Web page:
If you’re the owner of a manufacturing company, you are what you produce. What that means is that in every phase of your business’s operation, the quality of your products should be your top priority and main concern. Your products are what define your company, and your company’s reputation depends on the quality of your products.
But, like any business, there are no guarantees that you are always going to be able to deliver exactly what you’ve promised.
Just as a lawyer can forget to submit an important document and get hit with a legal malpractice claim as a result, your products might not always leave your manufacturing plant in perfect condition or working as they should.
And if a product your company has produced has a defect or malfunctions in a way that leads to third-party bodily injury or property damage, you can expect to be held liable.
Protecting Your Manufacturing Business with Insurance
There are certain risks associated with running a manufacturing business that are best passed off to a third party via insurance. The most basic insurance policies that just about every manufacturing business needs are commercial property and general liability insurance.
Commercial property insurance will protect your business against property and equipment damage. It also covers other business contents, such as inventory. If your property is damaged by inclement weather or vandalized, for example, commercial property insurance kicks in to cover the costs of repairing or replacing the damaged property. If your equipment and inventory are damaged or stolen, property insurance covers those types of situations as well.
General liability will cover third-party injuries and property damage that occur at your facilities. For example, if a client visits your manufacturing plant and is injured in a slip-and-fall accident, general liability would cover defense costs and possible settlements if the client decides to file a claim against you.
Smaller businesses commonly combine these two types of coverage into one convenient and less expensive package by purchasing what is called a Business Owner’s Policy (BOP). A BOP also includes business interruption insurance. This policy will help your business weather the storm financially if you need to shut down your operation for a period of time, for whatever reason. The policy can cover losses, such as rent payments and employee wages, for up to a year while you’re getting your business back on its feet.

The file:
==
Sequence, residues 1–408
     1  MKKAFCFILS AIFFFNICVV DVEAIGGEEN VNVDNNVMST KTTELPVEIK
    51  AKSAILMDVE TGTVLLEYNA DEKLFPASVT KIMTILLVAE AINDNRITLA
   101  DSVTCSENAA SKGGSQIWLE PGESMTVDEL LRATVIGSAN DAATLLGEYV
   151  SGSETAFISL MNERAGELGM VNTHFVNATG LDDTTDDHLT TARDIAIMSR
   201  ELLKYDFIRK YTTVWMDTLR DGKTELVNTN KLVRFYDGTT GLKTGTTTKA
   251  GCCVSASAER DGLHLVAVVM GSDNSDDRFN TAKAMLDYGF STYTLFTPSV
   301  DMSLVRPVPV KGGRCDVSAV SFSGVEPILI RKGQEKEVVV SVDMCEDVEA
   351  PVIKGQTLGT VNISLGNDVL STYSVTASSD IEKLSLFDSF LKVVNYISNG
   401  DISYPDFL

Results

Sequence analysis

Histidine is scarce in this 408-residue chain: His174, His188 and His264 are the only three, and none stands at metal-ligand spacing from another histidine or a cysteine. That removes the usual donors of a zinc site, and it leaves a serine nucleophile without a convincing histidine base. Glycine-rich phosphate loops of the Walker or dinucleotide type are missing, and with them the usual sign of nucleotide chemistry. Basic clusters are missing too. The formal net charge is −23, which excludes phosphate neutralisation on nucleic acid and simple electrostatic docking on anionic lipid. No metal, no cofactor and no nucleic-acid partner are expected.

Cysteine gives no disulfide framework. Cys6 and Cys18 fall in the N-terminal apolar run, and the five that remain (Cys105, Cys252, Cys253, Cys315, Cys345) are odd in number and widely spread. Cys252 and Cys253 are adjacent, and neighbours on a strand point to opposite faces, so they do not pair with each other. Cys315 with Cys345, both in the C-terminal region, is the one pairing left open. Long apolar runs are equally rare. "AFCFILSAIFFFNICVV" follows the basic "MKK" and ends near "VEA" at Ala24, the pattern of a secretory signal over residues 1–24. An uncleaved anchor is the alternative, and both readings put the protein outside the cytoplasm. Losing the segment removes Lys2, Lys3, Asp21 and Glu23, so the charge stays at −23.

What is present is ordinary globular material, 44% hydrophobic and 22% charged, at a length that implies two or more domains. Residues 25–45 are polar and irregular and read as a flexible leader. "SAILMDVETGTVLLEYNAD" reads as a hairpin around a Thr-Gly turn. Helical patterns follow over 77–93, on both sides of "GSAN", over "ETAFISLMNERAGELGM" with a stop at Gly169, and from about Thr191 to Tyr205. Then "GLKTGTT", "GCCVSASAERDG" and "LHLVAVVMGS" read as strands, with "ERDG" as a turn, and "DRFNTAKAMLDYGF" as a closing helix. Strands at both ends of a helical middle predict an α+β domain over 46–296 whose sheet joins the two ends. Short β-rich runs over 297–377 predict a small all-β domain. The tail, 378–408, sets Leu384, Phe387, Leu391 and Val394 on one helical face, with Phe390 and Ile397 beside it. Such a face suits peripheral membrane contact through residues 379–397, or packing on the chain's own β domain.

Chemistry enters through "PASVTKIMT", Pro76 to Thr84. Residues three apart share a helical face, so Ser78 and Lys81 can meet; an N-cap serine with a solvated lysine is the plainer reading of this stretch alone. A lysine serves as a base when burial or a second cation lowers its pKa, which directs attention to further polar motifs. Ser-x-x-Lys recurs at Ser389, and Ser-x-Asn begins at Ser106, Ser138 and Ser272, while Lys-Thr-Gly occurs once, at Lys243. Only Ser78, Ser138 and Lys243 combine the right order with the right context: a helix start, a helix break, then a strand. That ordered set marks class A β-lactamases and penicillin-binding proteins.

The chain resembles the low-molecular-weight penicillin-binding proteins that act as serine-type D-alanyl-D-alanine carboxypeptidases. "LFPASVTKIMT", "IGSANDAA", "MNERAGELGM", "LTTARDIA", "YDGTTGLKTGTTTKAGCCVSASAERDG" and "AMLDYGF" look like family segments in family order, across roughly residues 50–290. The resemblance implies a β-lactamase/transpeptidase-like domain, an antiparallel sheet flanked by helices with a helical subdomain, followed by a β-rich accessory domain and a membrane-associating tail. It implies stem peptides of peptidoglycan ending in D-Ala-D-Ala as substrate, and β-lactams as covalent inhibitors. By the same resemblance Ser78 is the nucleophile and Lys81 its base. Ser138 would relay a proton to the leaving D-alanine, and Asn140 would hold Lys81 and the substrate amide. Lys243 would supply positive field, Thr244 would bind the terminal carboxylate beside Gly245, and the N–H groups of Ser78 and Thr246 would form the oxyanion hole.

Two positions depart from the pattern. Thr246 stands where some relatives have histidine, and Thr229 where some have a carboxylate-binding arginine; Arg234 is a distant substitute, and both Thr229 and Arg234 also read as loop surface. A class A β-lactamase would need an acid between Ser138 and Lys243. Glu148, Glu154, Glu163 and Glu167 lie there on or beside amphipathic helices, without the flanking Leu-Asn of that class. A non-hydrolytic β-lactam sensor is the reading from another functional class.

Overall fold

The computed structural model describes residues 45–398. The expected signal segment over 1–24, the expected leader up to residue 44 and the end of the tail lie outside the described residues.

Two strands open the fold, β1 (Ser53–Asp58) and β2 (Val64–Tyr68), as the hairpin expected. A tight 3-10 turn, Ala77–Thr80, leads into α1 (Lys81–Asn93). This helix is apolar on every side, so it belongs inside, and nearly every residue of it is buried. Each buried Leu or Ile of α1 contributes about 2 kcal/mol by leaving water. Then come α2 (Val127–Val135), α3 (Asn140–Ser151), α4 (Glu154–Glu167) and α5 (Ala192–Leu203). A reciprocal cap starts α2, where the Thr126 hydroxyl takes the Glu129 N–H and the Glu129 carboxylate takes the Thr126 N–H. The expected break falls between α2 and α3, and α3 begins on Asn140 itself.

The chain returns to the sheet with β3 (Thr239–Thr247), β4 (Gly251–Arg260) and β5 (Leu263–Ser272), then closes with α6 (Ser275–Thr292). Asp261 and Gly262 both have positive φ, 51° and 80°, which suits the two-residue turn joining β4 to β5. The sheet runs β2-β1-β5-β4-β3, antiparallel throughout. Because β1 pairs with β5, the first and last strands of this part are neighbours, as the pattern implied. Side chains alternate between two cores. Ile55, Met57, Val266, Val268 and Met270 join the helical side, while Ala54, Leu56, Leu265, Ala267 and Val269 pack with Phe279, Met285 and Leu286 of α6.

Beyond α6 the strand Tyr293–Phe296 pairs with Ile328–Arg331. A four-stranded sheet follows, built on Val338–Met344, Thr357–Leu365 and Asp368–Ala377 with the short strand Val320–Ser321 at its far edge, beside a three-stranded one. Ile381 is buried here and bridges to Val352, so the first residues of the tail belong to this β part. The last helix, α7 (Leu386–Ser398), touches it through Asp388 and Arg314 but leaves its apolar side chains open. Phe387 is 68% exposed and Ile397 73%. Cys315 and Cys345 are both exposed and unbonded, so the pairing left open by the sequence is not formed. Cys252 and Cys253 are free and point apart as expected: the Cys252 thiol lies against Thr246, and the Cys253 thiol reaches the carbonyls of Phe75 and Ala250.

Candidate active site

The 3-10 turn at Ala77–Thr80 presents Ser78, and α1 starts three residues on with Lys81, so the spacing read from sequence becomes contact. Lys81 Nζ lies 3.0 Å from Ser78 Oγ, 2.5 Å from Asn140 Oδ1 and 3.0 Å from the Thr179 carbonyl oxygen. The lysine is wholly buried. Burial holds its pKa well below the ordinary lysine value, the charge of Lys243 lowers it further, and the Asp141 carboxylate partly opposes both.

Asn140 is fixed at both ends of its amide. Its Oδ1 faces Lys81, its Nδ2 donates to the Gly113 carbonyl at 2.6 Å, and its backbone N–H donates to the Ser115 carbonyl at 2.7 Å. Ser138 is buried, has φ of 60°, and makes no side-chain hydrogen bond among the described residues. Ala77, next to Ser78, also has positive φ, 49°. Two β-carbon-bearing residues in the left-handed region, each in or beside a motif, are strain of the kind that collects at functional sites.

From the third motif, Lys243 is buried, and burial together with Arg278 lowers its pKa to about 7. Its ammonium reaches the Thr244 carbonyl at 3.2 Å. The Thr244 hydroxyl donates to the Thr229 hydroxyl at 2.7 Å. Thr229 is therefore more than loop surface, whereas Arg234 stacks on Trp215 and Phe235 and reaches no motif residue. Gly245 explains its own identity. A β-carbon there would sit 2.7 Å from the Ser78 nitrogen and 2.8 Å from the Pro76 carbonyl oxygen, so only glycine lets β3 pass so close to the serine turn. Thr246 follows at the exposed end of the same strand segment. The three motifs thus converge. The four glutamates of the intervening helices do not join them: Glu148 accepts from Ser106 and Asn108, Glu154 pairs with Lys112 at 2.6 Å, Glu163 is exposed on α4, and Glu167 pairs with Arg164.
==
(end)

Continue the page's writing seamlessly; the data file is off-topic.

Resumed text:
Manufacturers should also be purchasing workers’ compensation insurance, which is mandated coverage in just about every U.S. state and will cover expenses related to any employee injury claim that results from a staff member injuring themselves at your facility.
Does General Liability Policy Cover Product-Related Damages?
Since a general liability policy typically covers third-party injuries and property damage, many assume that product-related claims are covered as well. But that’s almost never the case with a typical, basic general liability policy.
If your business centers around the production, sale, or distribution of products, then you’re going to have to buy a separate product liability policy to fully cover those types of risks.
Combining a general liability policy with a dedicated product liability policy is the best way to make sure that your manufacturing business is completely covered and that there are no gaps in your coverage that could lead to potentially devastating financial losses that your company would have to cover without the help of an insurer.
What Does Product Liability Insurance Cover Exactly?
To recapitulate, general liability insurance will cover claims that are related to your premises and operations, while product liability will cover claims that are directly related to people using the product that you have produced.
These are the most common types of claims that a product liability policy will cover:
- Defective Design: Injured parties can allege that the product was not designed well, which rendered the product unsafe to use and resulted in some type of injury or damage to the person using it.
- Flaws in Production: Injured parties can allege that the hazardous defect in the product was the result of poor manufacturing, meaning that some phase of the production process was flawed, which led to the product defect that caused the injury or property damage.
- Bad Instructions or Unsatisfactory Warnings: Injured parties can allege that the producer or seller failed to provide proper instructions for the use of the product or failed to warn customers of potential risks associated with the product, which then resulted in an injury or property damage.
Plaintiffs in product liability suits most commonly request to be reimbursed for things such as medical expenses, loss of income, and pain and suffering resulting from the product defect.
Coupling the financial burden of having to pay these types of compensatory damages with the typically significant legal costs that businesses will incur as a result of these types of claims makes it easy to understand why product liability insurance should be considered essential coverage for all manufacturing businesses.